A year later, 200 people from the initial group were retested, this time by being asked to resolve conflicts described in authentic letters to the advice columnist Dear Abby. Again, experts blindly graded their judgments.

What you can do: Staying mentally and physically active may help keep the mind sharp and protect the brain from atrophy. Pursue some of the attributes of wise individuals, such as being open to new experiences and perspectives, and cultivating social relationships.

Numerous studies have found recurrent patterns between happiness and life satisfaction (while the terms are often used inter-changeably, the latter is a better-specified question) and important experiences such as employment, marital status, and/or earnings. These, in turn, lead to differences in investment profiles, productivity, voting incentives, and attitudes toward health (Graham, Eggers, and Sukhtankar, 2004; DeNeve and Oswald, 2012; De Neve et al., 2013).

Our most novel finding is that the curve turns earlier, on average, for happier people and people in happier places, and that the trends in experienced stress follow a similar pattern (a reverse U) in almost as many countries. As such, individuals who are higher up in the well-being distribution and people in places with higher levels of average well-being have more life years, e.g. years which are both happy and stress free.

Finally, we explore a country level idiosyncrasy that affects the timing of the U-curve: a major difference between the age curves of the married and unmarried for the U.S. versus Europe. While there is no difference in the shape of the U across these cohorts in Europe in the raw data, the unmarried in the U.S. experience a significantly deeper dip in the middle aged years than do the married. This finding suggests that are likely other country specific departures from the average trend, which we have not observed, but might help explain some outliers in the cross-country patterns.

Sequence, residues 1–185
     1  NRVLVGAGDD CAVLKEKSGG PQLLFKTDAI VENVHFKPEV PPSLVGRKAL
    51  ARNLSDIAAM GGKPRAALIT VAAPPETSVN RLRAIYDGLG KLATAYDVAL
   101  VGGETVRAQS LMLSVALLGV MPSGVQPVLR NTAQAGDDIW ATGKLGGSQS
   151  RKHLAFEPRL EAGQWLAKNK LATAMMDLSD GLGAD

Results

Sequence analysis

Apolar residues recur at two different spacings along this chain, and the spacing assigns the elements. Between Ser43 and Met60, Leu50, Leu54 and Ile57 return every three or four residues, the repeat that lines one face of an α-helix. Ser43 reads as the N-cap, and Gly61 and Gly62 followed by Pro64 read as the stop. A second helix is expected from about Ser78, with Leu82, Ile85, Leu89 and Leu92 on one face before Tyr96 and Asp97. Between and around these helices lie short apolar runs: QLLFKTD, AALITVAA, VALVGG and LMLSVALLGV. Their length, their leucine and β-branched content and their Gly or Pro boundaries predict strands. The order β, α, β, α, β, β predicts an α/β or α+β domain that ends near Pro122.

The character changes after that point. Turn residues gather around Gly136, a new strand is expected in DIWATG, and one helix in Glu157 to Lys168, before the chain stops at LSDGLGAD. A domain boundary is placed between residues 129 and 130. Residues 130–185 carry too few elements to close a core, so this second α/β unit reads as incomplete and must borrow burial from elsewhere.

We use nationally representative household surveys from the Gallup World Poll (GWP) to explore how this relationship varies across countries, and then quantile regression techniques within countries to explore how the turn might vary across people at different points in the well-being distribution. We also use the Gallup U.S. Healthways poll to explore the mediating role of marriage, as it stands out as a factor in the U.S. turning point more than in other countries of comparable levels of income.

A lot of us are still recovering from antisocial habits formed in the pandemic. And these days, events outside of our control are taking a serious toll on our health. Last fall, 76% of adults surveyed by the American Psychological Association said stress from politics, race relations, violence and inflation has affected their health. They report experiencing headaches, fatigue, depression, nervousness and exhaustion.

In The Fun Habit: How The Disciplined Pursuit of Joy And Wonder Can Change Your Life, published in January, psychologist Mike Rucker makes the case that pursuit of fun experiences may be even more valuable than seeking the sometimes abstract goal of happiness.

"Happiness is a state of mind," Rucker writes. "But fun is something you can do. It doesn't require education, money or power. All it requires is intentionality. If happiness is a mirage, fun is your backyard oasis."

And fun can be so many things. Last year, when NPR asked readers to share what they're really into, more than 1,500 of you responded with a deliciously wide range of pursuits, from hula hooping to home brewing beer to raising reptiles. And more than 800 said you do these activities just because they're fun.

As a founding member of the International Positive Psychology Association, Rucker has put many teachings of happiness science into his life, like keeping a gratitude journal. But after his brother died unexpectedly in 2016, Rucker felt burned out and lonely. He began to feel that the more he pursued happiness, the more elusive it became.

People who highly value happiness may end up feeling "disappointed about how they feel, paradoxically decreasing their happiness the more they want it," wrote the authors of a 2011 study in the journal Emotion.

When you put something fun like a hike on the calendar, you open up to moments of "awe and wonder," like the surprise appearance of a deer on the path, for example, Rucker says. These moments can improve mood and lower stress levels, which can reduce the risk of heart disease and diabetes.

Pay attention to how much of your leisure time is spent scrolling on a phone or passively watching TV, Rucker advises. That's "yielding to the nothing," he says, and is a deceptively easy escape from feelings of boredom or discomfort.

First, do not let stress take over and distract you. Have a sense of where you want to go and set the discipline to get there. Second, know that happiness is true wealth and the ultimate freedom. Third, you chose your reality. Be conscious of what you are intending to become. Not only will affect your mindset and professional success but also your overall life since you spend so much time on it. 041b061a72